|Publication number||US4039926 A|
|Application number||US 05/698,000|
|Publication date||Aug 2, 1977|
|Filing date||Jun 21, 1976|
|Priority date||Jun 21, 1976|
|Also published as||CA1073529A, CA1073529A1|
|Publication number||05698000, 698000, US 4039926 A, US 4039926A, US-A-4039926, US4039926 A, US4039926A|
|Inventors||Robert L. Steigerwald|
|Original Assignee||General Electric Company|
|Export Citation||BiBTeX, EndNote, RefMan|
|Patent Citations (4), Non-Patent Citations (1), Referenced by (31), Classifications (5)|
|External Links: USPTO, USPTO Assignment, Espacenet|
This invention relates to current fed inverters, and more particularly to a thyristor current fed inverter with commutation independent of load inductance having a variety of applications.
In some circuits with current fed inverters, which are also known as controlled-current inverters, load capacitors are used to obtain a leading power factor and provide a source of commutating voltage for the inverter SCR's. Viewed in another way, the tank circuit formed by the paralleled load and load capacitors permits natural commutation of the inverter. This type of inverter requires relatively large load capacitors to maintain commutation. A circuit that realizes a forced commutation of an inverter built with mercury are rectifiers is described in the book "High Voltage Direct Current Power Transmission" by C. Adamson and N. G. Hingorani, Garraway Ltd., London, England, copyright 1960, pages 121-123. In addition to the normal three phase bridge, this HVDC inverter further consists of a pair of auxiliary valves and a commutating capacitor located between the midpoint of the auxiliary valves and the neutral of a wye-connected output transformer winding. One of the auxiliary valves is fired to turn off a conducting main valve. However, since the commutating capacitor is connected to the load midpoint, the inductance of the load influences the commutation time and capacitor voltage magnitude. Also, the commutating voltage spikes are applied to the load. The principal object of the present invention is to attain reliable commutation in a current fed inverter which is independent of the valve of load inductance and relatively simple to implement.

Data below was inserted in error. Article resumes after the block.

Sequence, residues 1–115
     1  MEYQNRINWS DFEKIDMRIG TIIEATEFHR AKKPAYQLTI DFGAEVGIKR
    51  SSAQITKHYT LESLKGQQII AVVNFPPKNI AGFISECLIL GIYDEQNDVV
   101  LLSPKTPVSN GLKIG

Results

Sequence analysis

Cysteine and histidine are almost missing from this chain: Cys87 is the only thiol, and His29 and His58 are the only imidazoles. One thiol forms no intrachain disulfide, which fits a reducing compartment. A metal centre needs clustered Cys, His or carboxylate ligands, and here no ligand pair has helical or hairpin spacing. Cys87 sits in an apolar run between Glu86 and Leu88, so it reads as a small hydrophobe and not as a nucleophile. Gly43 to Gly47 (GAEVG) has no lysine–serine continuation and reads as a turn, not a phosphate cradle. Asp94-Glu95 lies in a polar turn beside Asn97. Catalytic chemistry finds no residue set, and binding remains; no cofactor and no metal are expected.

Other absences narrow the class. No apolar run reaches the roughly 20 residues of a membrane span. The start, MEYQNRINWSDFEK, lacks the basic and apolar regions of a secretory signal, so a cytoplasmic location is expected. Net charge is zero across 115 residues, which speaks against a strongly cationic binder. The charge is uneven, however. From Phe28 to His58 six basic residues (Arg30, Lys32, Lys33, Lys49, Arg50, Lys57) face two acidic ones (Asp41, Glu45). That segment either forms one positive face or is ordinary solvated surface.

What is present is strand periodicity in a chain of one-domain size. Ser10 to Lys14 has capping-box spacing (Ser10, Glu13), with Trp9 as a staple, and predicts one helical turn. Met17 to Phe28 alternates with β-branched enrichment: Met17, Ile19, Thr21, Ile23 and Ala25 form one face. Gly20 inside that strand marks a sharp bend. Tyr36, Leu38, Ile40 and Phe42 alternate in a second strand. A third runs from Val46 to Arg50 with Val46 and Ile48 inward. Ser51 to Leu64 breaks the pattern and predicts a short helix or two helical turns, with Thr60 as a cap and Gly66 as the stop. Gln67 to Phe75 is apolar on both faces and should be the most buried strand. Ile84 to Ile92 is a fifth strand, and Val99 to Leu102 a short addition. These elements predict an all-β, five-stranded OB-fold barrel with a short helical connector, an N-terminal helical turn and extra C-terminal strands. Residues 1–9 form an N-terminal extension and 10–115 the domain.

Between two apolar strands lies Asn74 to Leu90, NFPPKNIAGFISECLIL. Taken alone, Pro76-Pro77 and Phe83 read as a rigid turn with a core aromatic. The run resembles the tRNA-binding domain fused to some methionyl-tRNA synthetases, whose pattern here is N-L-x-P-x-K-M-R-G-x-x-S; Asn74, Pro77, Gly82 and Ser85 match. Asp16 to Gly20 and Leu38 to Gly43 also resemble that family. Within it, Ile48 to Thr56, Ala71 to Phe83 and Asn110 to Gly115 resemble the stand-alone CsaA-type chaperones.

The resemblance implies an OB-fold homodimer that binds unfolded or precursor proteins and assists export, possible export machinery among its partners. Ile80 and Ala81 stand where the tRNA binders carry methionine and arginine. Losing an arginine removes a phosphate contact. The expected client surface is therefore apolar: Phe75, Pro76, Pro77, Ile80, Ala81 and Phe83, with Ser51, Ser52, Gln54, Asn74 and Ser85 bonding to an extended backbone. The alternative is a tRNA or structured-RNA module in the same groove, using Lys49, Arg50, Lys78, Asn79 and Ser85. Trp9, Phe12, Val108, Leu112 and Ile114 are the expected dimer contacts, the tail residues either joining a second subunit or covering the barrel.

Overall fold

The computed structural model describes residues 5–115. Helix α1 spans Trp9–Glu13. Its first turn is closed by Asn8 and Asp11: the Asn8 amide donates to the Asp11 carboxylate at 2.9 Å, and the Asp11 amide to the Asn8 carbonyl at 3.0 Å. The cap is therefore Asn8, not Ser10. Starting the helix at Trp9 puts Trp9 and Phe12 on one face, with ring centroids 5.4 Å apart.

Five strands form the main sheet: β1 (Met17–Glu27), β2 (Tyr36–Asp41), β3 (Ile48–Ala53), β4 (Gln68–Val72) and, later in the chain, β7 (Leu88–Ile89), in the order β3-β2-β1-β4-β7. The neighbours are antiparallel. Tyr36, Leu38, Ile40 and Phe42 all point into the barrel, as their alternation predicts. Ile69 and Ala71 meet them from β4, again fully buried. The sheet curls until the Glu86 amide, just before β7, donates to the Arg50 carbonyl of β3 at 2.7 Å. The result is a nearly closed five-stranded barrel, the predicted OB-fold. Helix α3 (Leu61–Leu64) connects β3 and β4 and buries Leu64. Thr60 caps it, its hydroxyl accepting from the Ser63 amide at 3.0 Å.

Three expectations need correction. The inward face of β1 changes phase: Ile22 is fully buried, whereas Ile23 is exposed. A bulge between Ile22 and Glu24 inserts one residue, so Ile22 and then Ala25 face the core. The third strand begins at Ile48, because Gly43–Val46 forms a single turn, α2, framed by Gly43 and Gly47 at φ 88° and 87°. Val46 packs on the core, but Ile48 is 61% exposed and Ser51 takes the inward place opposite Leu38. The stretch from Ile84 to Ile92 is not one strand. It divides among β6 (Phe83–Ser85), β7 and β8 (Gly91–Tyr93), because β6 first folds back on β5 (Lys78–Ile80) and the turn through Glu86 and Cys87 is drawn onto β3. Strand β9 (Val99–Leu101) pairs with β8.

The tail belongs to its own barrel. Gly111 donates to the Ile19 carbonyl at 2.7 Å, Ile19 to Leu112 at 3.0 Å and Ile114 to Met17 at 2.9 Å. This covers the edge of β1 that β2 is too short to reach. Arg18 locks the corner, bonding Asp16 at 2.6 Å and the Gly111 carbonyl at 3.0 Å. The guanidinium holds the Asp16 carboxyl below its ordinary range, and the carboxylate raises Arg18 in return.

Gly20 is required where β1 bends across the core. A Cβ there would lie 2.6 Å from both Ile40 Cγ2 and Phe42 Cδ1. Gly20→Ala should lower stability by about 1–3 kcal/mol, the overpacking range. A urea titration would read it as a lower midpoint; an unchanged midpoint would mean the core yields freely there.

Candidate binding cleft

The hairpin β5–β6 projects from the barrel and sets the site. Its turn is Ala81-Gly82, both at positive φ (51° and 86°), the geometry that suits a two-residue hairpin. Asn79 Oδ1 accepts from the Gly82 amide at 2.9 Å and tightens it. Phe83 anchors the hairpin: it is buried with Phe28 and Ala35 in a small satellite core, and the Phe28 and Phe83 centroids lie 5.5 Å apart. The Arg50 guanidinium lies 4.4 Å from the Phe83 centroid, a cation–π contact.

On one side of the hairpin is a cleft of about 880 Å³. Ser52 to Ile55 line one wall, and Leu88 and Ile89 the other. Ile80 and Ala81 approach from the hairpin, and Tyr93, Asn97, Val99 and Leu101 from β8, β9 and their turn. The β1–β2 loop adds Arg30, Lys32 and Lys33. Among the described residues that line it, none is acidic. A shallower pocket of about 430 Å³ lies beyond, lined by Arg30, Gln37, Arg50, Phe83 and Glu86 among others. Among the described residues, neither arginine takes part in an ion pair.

A polyphase current fed or controlled-current bridge inverter as herein taught has various applications including a constant speed ac motor drive, high voltage direct current transmission, or as a dc-to-ac power supply for wave shaping. The exemplary embodiment is a three phase bridge inverter using thyristors, specifically pairs of series-connected silicon controlled rectifiers, that is energized by a current source and supplies rectangular wave currents to the output terminals. An inductive load and star-connected or wye-connected capacitors are in parallel between the output terminals, with the value of these capacitors being selected to resonate with the load at a desired frequency near which the inverter is operated. The wye-connected capacitors have a wave shaping function, since the load voltage ideally is sinusoidal, as well as providing voltage limiting and power factor correction, although it is not necessary that the wye-connected capacitors be large enough to provide a leading power factor.
To enable the main thyristors to commutate reliably independent of load inductance, a commutating capacitor is connected directly between the junction of a pair of auxiliary thyristors and the midpoint of the wye-connected capacitors. Assuming that the commutating capacitor is properly charged by the previous operation, commutation is initiated by firing an auxiliary thyristor to turn off the outgoing main thyristor. Capacitor voltage sensor means are provided for sensing at least the commutating capacitor voltage and producing a control circuit enabling signal when the voltage rises to a magnitude of the other polarity sufficient to assure commutation. The control circuit for generating thyristor turn-on signals is responsive to the enabling signal, with the result that the incoming main thyristor is not rendered conductive until the commutating capacitor voltage has reached a preset level or at least is greater than the voltage across the respective wye-connected capacitor and main thyristor being commutated. Thus, the commutating capacitor voltage is easily controlled and the commutating ability of the inverter is assured.
FIG. 1 is a schematic circuit diagram of a power converter with a thyristor current-fed inverter constructed as herein taught to achieve reliable commutation independent of the value of load inductance;
FIG. 2 is a series of current waveform diagrams used to explain operation of the inverter; and
FIG. 3 is a voltage waveform diagram of the commutating capacitor voltage and line-to-neutral output voltages.